Chronosynclastic Infundibulum (aka Rotating Snake)

View a stomach-turning fullscreen version.

What you’ll be seeing here is a stationary image that looks as though it is alive, squirming, slithering. Stare if you dare.

WARNING: This high can cause extreme dizziness and could provoke epileptic seizures. If while staring at this you feel very dizzy, immediately look away and cover one eye. Do not close both eyes! Doing so could prolong and increase the intensity of the attack.

How It Works

This visual high was developed by psychology professor Akiyoshi Kitaoka of Ritsumeikan University, Kyoto, Japan. Kitaoka theorizes that when our eyes see alternating light and dark shades of color in a particular order, such as in this illusion, they will naturally assume a prescribed route of motion within the object on which they are concentrating.

Kitaoka and other psychologists argue that our eyes will assume a motion of right when processing the black and dark grey patches in this illusion, and a motion of left when processing the white blocks. Because Chronosynclastic Infundibulum has so many varying patches in so many shades and shapes, the eyes become overwhelmed. They start assuming directions right and left in all the circles, trying to make sense of it all. If we concentrate on one spot of the pattern long enough, the eyes will eventually process all the information. You’ll know this when the motion of the circles will appear to slow and then stop completely. To get the motion started again, all we need to do is re-overwhelm the eyes by shifting your focus around the page. You’ll soon be caught in an endless cycle of wrong assumptions and right corrections, of stationary spirals appearing to be animated, alive, and in constant stop-start motion.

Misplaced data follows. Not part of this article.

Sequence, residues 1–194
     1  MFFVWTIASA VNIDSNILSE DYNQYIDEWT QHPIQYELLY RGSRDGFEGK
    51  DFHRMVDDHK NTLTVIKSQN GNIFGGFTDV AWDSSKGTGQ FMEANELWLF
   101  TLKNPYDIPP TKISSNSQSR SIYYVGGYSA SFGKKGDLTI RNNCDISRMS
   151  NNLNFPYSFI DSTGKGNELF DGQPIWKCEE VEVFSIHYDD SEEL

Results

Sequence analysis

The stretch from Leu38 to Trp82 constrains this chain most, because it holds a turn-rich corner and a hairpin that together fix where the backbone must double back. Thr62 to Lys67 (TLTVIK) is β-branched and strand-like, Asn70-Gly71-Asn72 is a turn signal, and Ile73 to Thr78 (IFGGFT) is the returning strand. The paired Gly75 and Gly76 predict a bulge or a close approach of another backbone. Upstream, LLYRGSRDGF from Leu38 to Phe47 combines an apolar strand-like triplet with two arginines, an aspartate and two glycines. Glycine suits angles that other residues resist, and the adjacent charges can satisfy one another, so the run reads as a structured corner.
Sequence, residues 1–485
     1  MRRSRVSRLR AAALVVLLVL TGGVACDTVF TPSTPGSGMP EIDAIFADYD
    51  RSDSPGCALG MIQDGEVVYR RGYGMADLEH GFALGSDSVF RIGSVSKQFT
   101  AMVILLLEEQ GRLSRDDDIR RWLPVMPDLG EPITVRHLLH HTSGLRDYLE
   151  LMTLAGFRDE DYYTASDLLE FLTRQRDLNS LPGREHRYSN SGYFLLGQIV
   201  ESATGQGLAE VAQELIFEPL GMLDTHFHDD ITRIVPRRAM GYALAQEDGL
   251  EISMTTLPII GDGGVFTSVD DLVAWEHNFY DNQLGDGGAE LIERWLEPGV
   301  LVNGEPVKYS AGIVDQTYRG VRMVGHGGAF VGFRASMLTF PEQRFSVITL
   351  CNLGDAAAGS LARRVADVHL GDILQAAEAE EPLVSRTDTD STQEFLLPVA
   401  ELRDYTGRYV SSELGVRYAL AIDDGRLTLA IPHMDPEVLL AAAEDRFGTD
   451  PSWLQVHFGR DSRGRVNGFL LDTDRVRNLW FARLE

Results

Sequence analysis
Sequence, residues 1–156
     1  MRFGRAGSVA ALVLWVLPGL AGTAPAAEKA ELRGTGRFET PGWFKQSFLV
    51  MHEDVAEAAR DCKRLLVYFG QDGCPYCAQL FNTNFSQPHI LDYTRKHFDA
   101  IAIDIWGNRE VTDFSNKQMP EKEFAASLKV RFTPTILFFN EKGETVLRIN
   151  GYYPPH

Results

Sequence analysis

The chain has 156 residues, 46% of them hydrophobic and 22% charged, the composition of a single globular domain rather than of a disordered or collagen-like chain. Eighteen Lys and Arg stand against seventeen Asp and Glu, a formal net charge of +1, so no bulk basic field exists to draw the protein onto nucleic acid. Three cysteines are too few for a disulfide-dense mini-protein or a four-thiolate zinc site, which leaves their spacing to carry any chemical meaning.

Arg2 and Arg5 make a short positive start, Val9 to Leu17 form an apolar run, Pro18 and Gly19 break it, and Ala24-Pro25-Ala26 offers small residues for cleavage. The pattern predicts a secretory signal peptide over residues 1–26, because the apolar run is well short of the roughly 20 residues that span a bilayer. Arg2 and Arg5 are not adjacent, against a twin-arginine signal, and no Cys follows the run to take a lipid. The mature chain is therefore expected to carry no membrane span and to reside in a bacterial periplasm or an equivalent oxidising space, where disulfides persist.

Though Kitaoka’s theory sounds logical, the fact is nobody has unequivocal proof of why exactly Chronosynclastic Infundibulum works. What we do know is that it is very, very intoxicating.